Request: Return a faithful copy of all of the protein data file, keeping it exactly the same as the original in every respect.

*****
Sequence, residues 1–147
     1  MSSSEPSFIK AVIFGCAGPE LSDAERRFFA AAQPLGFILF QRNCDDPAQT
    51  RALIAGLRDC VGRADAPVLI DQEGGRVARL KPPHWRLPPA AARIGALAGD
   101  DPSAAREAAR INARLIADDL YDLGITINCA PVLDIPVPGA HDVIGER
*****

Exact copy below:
Sequence, residues 1–147
     1  MSSSEPSFIK AVIFGCAGPE LSDAERRFFA AAQPLGFILF QRNCDDPAQT
    51  RALIAGLRDC VGRADAPVLI DQEGGRVARL KPPHWRLPPA AARIGALAGD
   101  DPSAAREAAR INARLIADDL YDLGITINCA PVLDIPVPGA HDVIGER